Home Christian News CRT Statement Has Broken ‘Good Faith,’ Says Pastor Cutting Ties with SBC

CRT Statement Has Broken ‘Good Faith,’ Says Pastor Cutting Ties with SBC

Other Pastors Are Concerned About SBC Stance on CRT 

Dwight McKissic, senior pastor of Cornerstone Baptist Church in Arlington, Texas, called West’s decision a “bombshell.” 

McKissic initially supported the seminary presidents’ view. When the 2019 Resolutions Committee of the SBC came out in support of the presidents’ position on CRT, McKissic said, “We should all be able to rally behind this statement & the President’s of our seminaries statement.” 

But the pastor has since changed his mind and on Dec. 13 published an article responding to the seminary presidents. McKissic retracted his support after it “became apparent to me that [the seminary presidents’] statements were merely paving the way for rescinding Resolution 9 at the upcoming annual meeting.”

Resolution 9, “On Critical Race Theory and Intersectionality,” is a controversial resolution the SBC passed in the summer of 2019. It acknowledges that CRT and intersectionality have some benefits, but says that they do not trump Scripture. The resolution states, “Critical race theory and intersectionality alone are insufficient to diagnose and redress the root causes of the social ills that they identify, which result from sin, yet these analytical tools can aid in evaluating a variety of human experiences.”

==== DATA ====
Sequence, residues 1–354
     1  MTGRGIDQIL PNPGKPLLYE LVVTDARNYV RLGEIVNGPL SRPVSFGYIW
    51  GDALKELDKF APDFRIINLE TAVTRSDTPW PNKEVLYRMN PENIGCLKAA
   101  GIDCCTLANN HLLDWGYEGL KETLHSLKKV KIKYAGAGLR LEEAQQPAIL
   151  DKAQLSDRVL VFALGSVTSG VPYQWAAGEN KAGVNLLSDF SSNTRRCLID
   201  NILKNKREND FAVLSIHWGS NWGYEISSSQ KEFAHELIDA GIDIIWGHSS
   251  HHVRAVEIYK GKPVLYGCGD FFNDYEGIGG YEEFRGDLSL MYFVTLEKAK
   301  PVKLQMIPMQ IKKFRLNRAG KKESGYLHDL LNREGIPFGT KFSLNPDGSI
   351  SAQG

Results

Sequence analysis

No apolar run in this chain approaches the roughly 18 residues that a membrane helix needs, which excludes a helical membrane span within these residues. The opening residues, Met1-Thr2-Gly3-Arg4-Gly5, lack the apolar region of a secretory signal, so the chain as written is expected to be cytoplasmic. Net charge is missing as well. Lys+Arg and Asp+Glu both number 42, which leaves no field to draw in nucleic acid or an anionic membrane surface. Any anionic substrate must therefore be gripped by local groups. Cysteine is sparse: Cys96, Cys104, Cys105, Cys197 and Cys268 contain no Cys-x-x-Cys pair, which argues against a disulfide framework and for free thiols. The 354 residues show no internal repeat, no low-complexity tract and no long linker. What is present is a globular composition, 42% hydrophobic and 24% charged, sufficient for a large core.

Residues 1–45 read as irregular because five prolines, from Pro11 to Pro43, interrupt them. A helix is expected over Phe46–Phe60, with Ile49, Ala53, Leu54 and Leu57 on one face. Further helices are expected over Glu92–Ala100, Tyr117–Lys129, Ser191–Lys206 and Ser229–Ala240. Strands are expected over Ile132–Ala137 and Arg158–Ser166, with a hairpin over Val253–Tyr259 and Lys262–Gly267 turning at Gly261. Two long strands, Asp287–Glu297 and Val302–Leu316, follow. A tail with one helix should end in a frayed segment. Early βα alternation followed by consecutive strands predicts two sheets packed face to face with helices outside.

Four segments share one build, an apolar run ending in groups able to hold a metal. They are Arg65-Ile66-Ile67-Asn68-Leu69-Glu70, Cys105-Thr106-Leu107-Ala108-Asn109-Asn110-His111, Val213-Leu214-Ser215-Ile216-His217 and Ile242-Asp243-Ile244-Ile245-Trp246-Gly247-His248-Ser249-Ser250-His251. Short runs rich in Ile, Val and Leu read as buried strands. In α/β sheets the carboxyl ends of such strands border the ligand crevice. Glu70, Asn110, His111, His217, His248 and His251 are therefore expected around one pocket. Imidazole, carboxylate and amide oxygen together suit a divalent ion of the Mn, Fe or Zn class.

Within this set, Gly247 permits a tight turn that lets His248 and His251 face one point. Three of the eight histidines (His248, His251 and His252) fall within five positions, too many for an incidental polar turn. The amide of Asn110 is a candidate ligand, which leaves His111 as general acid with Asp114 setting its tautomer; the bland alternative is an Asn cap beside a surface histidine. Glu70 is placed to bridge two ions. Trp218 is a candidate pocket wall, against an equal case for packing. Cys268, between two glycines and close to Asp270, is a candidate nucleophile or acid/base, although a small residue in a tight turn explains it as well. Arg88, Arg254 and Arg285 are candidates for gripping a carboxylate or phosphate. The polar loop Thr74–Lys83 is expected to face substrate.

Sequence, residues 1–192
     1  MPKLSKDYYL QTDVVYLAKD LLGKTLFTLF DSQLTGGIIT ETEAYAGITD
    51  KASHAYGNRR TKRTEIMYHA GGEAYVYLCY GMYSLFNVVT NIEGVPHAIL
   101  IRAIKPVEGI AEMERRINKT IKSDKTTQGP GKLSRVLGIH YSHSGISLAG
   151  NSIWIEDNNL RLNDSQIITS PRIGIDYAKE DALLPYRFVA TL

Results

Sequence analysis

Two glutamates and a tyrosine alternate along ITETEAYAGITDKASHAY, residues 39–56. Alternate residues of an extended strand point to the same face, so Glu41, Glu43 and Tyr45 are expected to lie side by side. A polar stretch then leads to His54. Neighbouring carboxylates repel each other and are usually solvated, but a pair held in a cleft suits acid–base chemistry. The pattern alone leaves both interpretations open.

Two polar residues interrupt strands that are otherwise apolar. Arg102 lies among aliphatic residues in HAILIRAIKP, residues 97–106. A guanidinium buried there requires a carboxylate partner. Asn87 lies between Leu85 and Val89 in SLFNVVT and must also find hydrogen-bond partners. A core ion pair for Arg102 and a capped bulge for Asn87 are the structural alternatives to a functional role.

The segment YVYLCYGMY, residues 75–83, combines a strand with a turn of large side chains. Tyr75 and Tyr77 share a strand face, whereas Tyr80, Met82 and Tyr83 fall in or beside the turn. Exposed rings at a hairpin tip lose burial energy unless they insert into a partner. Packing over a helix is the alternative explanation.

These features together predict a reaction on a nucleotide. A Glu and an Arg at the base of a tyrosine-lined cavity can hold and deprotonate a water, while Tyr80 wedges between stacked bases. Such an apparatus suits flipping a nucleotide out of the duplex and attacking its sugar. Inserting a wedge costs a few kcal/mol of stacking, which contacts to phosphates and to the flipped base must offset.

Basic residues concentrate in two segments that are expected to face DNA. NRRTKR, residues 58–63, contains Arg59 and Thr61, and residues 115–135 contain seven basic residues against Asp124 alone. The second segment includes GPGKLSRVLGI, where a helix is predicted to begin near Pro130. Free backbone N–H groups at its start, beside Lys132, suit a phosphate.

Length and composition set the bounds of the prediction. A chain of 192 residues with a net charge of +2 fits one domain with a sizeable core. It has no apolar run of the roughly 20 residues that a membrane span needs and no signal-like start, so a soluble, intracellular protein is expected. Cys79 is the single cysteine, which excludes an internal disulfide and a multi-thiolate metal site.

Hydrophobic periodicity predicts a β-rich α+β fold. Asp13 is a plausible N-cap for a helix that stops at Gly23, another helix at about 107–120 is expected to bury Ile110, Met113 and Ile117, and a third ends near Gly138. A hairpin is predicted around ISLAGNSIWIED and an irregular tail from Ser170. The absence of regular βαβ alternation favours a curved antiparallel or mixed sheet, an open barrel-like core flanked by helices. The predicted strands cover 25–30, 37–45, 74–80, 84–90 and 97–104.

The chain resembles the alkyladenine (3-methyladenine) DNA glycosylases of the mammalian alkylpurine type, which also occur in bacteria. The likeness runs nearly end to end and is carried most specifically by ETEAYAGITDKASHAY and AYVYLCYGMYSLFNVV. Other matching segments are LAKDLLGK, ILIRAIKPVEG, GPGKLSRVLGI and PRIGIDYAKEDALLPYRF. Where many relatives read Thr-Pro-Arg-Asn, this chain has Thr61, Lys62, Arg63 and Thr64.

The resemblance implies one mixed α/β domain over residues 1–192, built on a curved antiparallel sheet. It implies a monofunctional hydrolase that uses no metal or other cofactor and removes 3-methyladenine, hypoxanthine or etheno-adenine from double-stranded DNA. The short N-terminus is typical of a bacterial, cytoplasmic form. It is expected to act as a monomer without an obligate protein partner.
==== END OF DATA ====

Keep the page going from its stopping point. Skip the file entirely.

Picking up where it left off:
McKissic is highly concerned that the recent statement by the seminary presidents gives them the “green light” to revoke Resolution 9. Unlike West, however, McKissic plans to remain in the SBC.

One Twitter user asked McKissic, “Is the statement on CRT more the issue, or is it the fact that there was never a statement against Christian Nationalism (which is clearly rooted in white supremacy and much more prevalent in the SBC both in leadership and in the congregation)?”

The pastor responded, “All of the above. The presidents’ council never bothered to denounce police brutality, the Confederate monuments, or racial disparities in prison sentencing, Christian Nationalism, The Lost Cause Theory—yet they denounce CRT? Why? Coupled with minorities absent from discussion.”

Dr. Tony Evans is another pastor who has distanced himself from the seminary presidents’ statement. When the 2019 Resolutions Committee affirmed the statement, the committee cited comments Evans made about CRT in a sermon. Seeing this, Evans publicly stated that the committee had used his name without his “awareness or permission.” The pastor added that while he believes the Bible is our primary authority, that does not mean “that CRT or other ideologies lack beneficial aspects.”

Other Black pastors have been troubled by the presidents’ words, including Rev. Marshal L. Ausberry Sr. Ausberry is the president of the National African American Fellowship of the Southern Baptist Convention and is the first vice president of the SBC. 

After the seminary presidents issued their statement, Ausberry asked to meet with them. He told the Baptist Press that the presidents “are good men and they had good intent, but the optics of six anglo brothers meeting to discuss racism and other related issues without having ethnic representation in the room in 2020, at worst it looks like paternalism, at best insensitivity.”